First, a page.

The 10.5" 14 bolt differential and axle is quite popular with Jeep Wrangler owners who want to upgrade their standard Dana 30, Dana 35, or Dana 44 axle. While the 10.5" 14 bolt axle is heavier than the standard Dana axles offered on the Wrangler, it is much stronger. This increased strength allows Jeep Wrangler owners to mount up to 44" tires without concern about axle shaft breakage.[8] Many Wrangler owners will have up to 2 inches removed from the bottom of the 10.5" 14 bolt differential housing to maximize ground clearance.[9]

Due to the popularity of GM trucks and vans, 10.5" 14 bolt axles are common in junkyards. This makes them an option for any number of vehicle customization projects, buggy builds, and even classic trucks.

11.5 AAM

GMC All Terrain concept truck with 11.5 AAM axle
GMC All Terrain concept truck with 11.5 AAM axle

The 11.5 AAM 14 bolt rear differential began to replace the 10.5" 14 bolt in many Chevrolet Silverado and GMC Sierra trucks beginning in the 2001 model year. However, the 10.5" 14 bolt axle continues in production today on GMC Savanna and Chevrolet Express vans. The 11.5" 14 bolt axle is also used in 3rd Generation Dodge Ram 2500 and 3500 trucks. The GM version uses a paper gasket and the Ram version uses a re-usable rubber gasket. This attribute also makes the Dodge and GM axles appear very different, because of the different cover used. The GM AAM axle tubes are reduced to smaller diameter than the AAM Dodge's at the spindle from the housing, from 4" to 3.5". Newer GM trucks are built to the same specs as the Dodge axles. GM also opted to have a vibration dampener installed on the yoke, while Dodge opted to place the dampener on the drive shaft. This became the standard axle on all 2500 and 3500 RAM trucks for model year 2014.


  • Increased GAWR: 6,900 pounds (3,100 kg) Max.
  • 1541 alloy axle shafts
  • Larger ring and pinion than the "14 bolt" axle. As well as other components.
11.8 AAM axle.  Optioned on 3500 RAM trucks with the High Output package.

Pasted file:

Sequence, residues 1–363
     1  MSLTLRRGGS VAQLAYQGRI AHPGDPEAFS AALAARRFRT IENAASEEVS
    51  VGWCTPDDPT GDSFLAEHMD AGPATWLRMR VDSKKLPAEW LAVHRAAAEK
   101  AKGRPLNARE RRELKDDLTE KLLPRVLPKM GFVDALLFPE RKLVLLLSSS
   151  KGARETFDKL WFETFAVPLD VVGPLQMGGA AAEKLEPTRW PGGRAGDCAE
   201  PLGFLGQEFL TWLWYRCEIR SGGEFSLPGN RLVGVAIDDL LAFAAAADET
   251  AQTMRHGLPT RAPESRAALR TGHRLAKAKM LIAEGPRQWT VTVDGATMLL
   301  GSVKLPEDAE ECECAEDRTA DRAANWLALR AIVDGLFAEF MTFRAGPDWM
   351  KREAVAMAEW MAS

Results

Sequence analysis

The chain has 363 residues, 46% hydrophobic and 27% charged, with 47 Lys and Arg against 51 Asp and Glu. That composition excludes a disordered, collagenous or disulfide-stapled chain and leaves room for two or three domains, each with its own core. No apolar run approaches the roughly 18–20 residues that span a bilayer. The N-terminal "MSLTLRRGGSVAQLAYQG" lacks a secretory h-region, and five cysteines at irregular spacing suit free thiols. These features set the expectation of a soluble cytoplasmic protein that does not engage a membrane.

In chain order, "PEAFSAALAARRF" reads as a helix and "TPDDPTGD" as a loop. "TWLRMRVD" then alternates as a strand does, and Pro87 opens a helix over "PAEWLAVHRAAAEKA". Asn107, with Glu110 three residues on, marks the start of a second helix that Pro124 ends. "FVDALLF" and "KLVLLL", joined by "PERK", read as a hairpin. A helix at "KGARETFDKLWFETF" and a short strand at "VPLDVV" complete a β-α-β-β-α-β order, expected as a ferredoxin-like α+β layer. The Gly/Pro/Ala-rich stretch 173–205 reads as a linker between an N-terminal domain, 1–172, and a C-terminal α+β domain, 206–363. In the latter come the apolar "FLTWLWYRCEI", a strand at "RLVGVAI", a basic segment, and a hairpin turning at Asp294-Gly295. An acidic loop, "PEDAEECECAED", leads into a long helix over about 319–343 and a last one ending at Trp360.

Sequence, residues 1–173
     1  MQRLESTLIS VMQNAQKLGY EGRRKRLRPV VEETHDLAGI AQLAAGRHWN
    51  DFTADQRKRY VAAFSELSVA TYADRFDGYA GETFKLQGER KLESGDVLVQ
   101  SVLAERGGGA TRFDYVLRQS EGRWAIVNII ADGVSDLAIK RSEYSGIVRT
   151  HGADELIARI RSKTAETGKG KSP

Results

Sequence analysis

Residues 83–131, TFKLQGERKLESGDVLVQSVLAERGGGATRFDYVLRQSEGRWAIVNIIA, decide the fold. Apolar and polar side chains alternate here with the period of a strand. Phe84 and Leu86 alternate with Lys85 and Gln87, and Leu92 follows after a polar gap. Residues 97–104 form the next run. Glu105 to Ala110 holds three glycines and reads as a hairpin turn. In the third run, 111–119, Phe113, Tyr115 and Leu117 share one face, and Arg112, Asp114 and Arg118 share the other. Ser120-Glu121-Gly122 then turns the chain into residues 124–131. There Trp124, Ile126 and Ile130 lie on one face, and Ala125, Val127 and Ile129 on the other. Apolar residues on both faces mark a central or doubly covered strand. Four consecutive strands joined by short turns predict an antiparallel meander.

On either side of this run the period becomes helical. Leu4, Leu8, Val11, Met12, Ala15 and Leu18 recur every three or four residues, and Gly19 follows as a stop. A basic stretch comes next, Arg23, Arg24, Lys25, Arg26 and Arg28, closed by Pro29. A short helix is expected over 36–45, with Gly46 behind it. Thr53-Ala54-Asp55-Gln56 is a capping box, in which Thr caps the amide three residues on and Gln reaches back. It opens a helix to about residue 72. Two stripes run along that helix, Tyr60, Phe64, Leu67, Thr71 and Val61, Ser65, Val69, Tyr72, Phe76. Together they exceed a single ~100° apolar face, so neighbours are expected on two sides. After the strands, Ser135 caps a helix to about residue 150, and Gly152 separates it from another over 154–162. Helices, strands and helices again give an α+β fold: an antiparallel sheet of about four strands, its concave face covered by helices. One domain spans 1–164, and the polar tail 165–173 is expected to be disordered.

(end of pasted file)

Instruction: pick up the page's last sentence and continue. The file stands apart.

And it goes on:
11.8 AAM axle. Optioned on 3500 RAM trucks with the High Output package.

10.5 AAM

2500 3rd Generation Dodge trucks use a 10.5 AAM in all the V8 equipped trucks. Some early model Diesel and V10 trucks also used this axle. Like the 11.5, this axle also uses a re-usable rubber gasket and looks similar to the 11.5 axle. The Ram Power Wagon also uses this axle with a locking differential. 2013 was the last model year that RAM 2500 and 3500 trucks were equipped with this axle.

2011 Dodge Ram Power Wagon 10.5 AAM with electric locking differential.
2011 Dodge Ram Power Wagon 10.5 AAM with electric locking differential.

See also


  1. ^ "Axle Results | American Axle & Manufacturing | Aftermarket OE Parts". Retrieved 2019-03-30.
  2. ^ "Our Favorite Jeep Axle Swaps - Jp Magazine". Four Wheeler. 2011-09-01. Retrieved 2019-03-30.
  3. ^ "What Is A "Corporate" 14 Bolt Axle?". Lugnut4x4. 2019-02-24. Retrieved 2019-03-30.
  4. ^ "129 1305 04+14 Bolt Basics Inside The Ultimate Junkyard Axle+disc Brake Bracket Install - Photo 48757743 - 14-Bolt Basics - Inside The Ultimate Junkyard Axle". Four Wheeler. Retrieved 2019-03-30.
  5. ^ "mediaOnline". Retrieved 2019-03-30.
  6. ^
  7. ^ Intermediate Direct Support/General Support Maintenance Manual for CUCV (TM 9-2320-289-34) (PDF). Department of the Army, the Air Force, and Headquarters, Marine Corps. 12 January 1989. pp. 6–117. Retrieved 14 October 2011. CS1 maint: discouraged parameter (link)
  8. ^ "14-Bolt Basics - Inside The Ultimate Junkyard Axle - Four Wheeler Magazine". Four Wheeler. 2013-05-01. Retrieved 2019-03-30.
  9. ^ "TMR Customs: Shaving a GM Corporate 14-bolt differential". Four Wheeler. 2016-05-17. Retrieved 2019-03-30.

External links

This page was last edited on 30 January 2021, at 20:56